• Improvement in the symptoms of IBS (Irritable Bowel Syndrome).
  • Improvement in inflammation and the symptoms of ulcerative colitis, a form of IBD (Inflammatory Bowel Disease).
  • Relief of bowel irritation, such as diarrhea, from taking antibiotics. Bowel irritation occurs when antibiotics kill good bacteria in the digestive tract along with the bad bacteria that has caused the initial illness being treated by antibiotics.
  • Possibly helping with lactose intolerance. This is definitely an area of current research.
  • Prevention of digestive tract infections.
  • Boosting the immune system, starting with a healthy bacteria balance in the gut.
  • Helpful in treatment of urinary tract infections and vaginal infections.
  • Helpful in treatment of skin conditions in children, particularly eczema.

What foods contain probiotics?

The two most common probiotics, lactobacillus acidophilus and bifidobacterium are added to yogurt and some cheeses. Acidophilus milk and buttermilk also contain lactic acid probiotic bacteria.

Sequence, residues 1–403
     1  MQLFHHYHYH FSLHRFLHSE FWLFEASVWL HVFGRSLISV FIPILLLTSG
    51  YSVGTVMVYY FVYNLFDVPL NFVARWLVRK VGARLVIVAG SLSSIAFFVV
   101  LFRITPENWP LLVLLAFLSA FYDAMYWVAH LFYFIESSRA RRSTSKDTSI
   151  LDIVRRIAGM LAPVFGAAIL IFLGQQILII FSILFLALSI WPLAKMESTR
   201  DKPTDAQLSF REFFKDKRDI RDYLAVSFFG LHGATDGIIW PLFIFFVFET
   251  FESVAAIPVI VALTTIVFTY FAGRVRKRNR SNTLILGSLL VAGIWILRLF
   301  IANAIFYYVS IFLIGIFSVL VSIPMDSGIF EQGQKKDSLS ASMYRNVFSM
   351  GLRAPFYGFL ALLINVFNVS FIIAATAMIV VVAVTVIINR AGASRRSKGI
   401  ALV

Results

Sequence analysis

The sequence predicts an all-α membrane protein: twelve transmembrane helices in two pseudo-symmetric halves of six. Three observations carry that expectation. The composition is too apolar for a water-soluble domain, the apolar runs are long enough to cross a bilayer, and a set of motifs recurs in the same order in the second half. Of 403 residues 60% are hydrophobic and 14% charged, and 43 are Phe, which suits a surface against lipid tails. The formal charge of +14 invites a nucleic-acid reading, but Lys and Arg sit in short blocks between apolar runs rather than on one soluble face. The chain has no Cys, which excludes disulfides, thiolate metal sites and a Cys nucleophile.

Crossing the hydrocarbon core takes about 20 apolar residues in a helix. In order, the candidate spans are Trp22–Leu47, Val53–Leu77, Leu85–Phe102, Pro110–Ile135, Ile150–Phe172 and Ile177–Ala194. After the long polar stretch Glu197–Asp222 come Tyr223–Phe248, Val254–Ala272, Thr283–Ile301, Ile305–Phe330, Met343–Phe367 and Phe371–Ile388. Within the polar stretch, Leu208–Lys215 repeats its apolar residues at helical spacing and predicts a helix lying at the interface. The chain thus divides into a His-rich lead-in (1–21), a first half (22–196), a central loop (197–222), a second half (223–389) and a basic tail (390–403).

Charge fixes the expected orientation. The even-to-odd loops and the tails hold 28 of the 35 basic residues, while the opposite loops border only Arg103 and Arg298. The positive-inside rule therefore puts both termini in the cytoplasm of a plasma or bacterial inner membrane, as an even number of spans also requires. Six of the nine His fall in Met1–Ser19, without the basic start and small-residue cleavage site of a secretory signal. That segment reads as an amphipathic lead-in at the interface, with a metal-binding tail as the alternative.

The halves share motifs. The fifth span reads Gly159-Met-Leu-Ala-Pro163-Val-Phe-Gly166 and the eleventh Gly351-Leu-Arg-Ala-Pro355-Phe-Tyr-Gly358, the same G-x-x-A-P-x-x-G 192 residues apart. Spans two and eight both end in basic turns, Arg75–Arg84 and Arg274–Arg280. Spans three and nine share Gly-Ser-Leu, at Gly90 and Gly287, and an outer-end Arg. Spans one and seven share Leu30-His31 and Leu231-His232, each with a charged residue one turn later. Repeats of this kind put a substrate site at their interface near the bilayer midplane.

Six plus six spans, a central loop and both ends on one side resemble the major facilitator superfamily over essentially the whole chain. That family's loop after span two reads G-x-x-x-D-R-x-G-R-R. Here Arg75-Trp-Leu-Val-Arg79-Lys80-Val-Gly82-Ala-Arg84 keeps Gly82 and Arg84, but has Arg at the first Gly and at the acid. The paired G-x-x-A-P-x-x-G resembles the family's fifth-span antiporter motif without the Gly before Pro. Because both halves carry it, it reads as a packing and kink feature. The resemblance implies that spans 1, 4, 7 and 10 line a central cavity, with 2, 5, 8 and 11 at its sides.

Probiotics are found naturally in fermented foods, such as:

  • Unpasteurized sauerkraut: contains the probiotics leuconostoc, pediococcus, and lactobacillus, as well as vitamins and minerals. The heating process of pasteurized sauerkraut kills the beneficial probiotics.
  • Kimchi, a spicy Korean food: contains probiotics, vitamins and minerals similar to sauerkraut.
  • Tempeh, an Indonesian food made from fermented soybeans: contains probiotics and is also high in protein.
  • Kefir, a cultured or fermented beverage: contains probiotics. Interestingly, kefir can be made using water, coconut water, milk or coconut milk.
  • Miso, a Japanese fermented soybean paste: contains probiotics as well as vitamins, minerals and antioxidants. Miso is commonly consumed as a soup.
  • Sourdough culture that is used to make sourdough bread: contains probiotics that are thought to aid digestion.

Are probiotics safe for everyone?

Probiotics are generally considered safe, but there are still some considerations such as:

  • People who are lactose intolerant would need to avoid probiotic sources that are milk or dairy based. Non-dairy probiotic sources such as sauerkraut and water kefir would be better choices.